My Ingredients – 8 boneless chicken thighs seasoned. cut in half,  8oz of Spanish chorizo, 1 onion diced, 1/2 red pepper diced, 4 tomatoes skinned and diced, 6 garlic cloves diced, 3 cups of rice. Broth 6 cups of water, 6 teaspoons of chicken flavored Better than Bouillon,  3 to 4 packets of Paellero Paella Seasoning,  which was recommended by my friend (I ordered mine on Amazon). The peeps aren’t veggies fans or I would have added some flat beans and lima beans.


Cooking the Paella – As I said earlier I don’t follow recipes so I’m going to tell how I prepared my Paella leaving it to you to decide what to use for yours.  It’s important to brown and saute all the ingredients in the pan so the flavors meld together.  First cook the seasoned boneless chicken thighs for about six minutes on each side, removed them from the pan. Brown the Spanish Chorizo, remove that from the pan and do a quick sauté of the shrimp, not fully cooking them. Caramelize the onions, red peppers adding the garlic towards the end so as to not burn the garlic. I added fresh tomatoes that were blanched so the skin would peel off easily. Chop finely, add to the onion mixture and cook for roughly seven minutes. Sliding the mixture to the side add the rice into the pan lightly coating in olive oil. Keeping the heat high add the broth, stir the mixture just enough to spread the ingredients evenly in the pan. Finally add the pre-cooked meat on top.  A good rule is the rice mixture should not be deeper than half an inch deep in the pan. REMEMBER do not stir again. Cook roughly 20 minutes, lower the heat to medium after it comes to a boil. Move/turn the pan occasionally to keep the heat distributed evenly. Add any seafood towards the end, maybe the last several minutes. Now it is time to create the soccarat. Raise the heat to caramelize to a toasty dark brown, this could take three or more minutes. Some like the rice al dente, I prefer it cooked more but not to the extent of being mushy. Turn off the heat, cover with foil and let sit approximately five minutes.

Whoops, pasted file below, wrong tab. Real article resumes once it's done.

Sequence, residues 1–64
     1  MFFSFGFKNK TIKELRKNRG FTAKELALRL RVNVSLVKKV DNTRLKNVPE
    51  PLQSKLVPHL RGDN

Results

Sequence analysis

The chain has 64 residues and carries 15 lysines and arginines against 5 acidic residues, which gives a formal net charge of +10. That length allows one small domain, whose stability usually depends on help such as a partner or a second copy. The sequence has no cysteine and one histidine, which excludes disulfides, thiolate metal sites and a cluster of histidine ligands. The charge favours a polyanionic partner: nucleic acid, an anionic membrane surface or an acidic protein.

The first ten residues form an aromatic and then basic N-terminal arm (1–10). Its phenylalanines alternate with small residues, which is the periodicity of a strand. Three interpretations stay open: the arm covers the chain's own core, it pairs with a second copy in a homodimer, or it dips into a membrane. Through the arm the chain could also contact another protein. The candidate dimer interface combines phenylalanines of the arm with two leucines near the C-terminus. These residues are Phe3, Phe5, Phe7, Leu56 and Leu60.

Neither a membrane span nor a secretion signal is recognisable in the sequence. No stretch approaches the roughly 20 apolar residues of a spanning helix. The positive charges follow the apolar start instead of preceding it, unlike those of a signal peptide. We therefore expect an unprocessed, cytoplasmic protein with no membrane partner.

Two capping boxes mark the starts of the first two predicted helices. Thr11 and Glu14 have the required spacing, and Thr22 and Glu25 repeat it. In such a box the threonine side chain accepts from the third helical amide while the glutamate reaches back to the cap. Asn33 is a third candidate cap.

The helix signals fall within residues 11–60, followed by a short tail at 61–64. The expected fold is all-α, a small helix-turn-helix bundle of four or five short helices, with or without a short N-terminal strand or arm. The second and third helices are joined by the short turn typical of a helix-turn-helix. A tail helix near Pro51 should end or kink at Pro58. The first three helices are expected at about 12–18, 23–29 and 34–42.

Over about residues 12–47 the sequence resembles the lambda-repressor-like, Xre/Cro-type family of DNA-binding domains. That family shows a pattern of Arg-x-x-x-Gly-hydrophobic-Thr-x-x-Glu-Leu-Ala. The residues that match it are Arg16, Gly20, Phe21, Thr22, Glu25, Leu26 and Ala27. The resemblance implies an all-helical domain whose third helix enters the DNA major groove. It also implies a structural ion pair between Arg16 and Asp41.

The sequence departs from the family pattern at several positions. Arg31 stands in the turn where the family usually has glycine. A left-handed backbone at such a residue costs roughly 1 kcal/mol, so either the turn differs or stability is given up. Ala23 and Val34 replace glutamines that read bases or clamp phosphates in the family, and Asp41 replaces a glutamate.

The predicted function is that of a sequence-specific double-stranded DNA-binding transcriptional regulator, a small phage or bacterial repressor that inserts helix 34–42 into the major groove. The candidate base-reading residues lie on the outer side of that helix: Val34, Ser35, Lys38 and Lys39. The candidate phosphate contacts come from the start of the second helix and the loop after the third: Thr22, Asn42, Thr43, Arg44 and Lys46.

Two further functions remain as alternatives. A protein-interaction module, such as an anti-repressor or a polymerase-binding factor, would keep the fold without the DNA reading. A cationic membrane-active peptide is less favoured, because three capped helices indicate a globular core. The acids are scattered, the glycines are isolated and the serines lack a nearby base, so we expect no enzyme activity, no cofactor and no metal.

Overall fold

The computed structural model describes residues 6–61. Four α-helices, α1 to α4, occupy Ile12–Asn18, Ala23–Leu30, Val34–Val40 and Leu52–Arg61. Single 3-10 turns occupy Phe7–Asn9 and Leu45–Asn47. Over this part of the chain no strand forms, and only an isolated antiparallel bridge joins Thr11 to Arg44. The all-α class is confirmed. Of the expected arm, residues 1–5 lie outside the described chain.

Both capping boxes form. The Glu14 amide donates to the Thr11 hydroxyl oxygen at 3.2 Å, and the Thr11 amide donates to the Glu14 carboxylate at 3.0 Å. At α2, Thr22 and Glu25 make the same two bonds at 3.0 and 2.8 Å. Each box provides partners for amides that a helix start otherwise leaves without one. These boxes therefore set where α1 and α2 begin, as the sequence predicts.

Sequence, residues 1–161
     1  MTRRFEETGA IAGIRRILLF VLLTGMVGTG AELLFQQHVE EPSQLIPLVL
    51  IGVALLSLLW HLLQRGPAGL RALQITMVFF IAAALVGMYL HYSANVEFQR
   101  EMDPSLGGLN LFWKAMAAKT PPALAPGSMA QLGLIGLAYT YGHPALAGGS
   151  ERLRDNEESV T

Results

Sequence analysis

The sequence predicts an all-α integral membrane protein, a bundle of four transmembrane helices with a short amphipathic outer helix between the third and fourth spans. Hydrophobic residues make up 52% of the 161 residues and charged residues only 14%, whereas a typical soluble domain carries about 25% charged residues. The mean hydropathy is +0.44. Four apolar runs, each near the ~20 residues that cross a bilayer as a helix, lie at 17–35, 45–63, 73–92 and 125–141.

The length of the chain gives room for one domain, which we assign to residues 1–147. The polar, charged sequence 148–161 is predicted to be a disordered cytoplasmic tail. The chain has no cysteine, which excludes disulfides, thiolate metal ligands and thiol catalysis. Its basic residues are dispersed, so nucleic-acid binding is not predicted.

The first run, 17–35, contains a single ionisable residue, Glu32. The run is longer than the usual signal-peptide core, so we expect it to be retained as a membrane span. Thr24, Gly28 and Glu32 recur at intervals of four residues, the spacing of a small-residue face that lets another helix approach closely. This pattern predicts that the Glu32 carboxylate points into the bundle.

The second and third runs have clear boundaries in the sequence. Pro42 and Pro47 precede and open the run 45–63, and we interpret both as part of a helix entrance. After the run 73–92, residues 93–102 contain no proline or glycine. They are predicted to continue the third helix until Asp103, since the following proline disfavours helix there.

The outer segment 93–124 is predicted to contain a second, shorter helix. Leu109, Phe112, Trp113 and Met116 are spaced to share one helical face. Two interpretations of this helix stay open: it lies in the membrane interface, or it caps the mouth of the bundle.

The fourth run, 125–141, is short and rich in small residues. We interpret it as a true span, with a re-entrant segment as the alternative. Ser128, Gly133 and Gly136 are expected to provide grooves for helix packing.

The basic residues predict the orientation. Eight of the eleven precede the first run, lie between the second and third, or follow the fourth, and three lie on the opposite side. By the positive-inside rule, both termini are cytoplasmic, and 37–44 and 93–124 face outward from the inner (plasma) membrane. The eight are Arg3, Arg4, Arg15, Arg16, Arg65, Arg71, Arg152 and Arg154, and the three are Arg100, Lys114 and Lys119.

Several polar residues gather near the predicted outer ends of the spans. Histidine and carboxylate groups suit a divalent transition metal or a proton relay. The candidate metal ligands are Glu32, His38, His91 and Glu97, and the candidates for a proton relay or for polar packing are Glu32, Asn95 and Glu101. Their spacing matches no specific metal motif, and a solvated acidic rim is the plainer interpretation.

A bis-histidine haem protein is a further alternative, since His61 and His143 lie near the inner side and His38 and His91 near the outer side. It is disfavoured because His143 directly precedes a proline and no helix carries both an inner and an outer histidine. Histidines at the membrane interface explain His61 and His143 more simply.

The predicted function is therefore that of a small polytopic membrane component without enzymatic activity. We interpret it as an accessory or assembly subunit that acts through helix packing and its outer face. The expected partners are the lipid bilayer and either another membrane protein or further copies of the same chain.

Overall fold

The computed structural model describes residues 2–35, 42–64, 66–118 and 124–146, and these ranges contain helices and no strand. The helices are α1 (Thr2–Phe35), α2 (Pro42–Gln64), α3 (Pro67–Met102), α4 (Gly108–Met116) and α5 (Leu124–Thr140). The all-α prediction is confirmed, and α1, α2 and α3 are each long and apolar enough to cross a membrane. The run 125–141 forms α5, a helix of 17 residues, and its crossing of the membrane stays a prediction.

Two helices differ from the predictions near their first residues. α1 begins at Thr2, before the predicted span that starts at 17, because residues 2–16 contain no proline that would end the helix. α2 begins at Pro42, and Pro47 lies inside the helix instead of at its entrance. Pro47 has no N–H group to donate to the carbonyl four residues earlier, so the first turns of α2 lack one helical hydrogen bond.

Scroll down for the recipe for the BEST ever Sangria.

Don’t forget to make a beautiful salad to accompany your yummy Paella. In an effort to duplicate the Spanish salad from Cafe El Alquimista in Agés Spain, I added peas and corn.  Unfortunately, I could not find jar white asparagus, I substituted green asparagus however it was not the same. Another interesting ingredient in a Spanish salad is tuna.


The Best Sangria EVER

Another one of our super special friend from Spain shared his delicious Sangria recipe. Not only is it great with Paella it is very refreshing on a hot summer day.  I’m not much of a soda pop drinker, I had concerns over the Orange Fanta, I’m here to tell you it is an important ingredient that makes the Sangria perfect. Sadly I was out of cinnamon sticks, I’m certain it would have heightened the flavor of the drink. The red wine I had was sweet so I opted not to add the sugar mixture, taste your mixture before you add. Let the wine mixture, cinnamon stick and diced fruits of choice rest for several hours in the fridge. Serve with ice.

1-liter red wine
1-liter orange Fanta
juice from one lemon
Several shots of rum or vodka

Garnish with a Cinnamon stick, sliced fruit: oranges, apples, peaches, pears…..etc as you like.

Simple sugar mixture (heat on stove equal parts of water & sugar) – several spoons

I hope you love this Sangria as much as I do.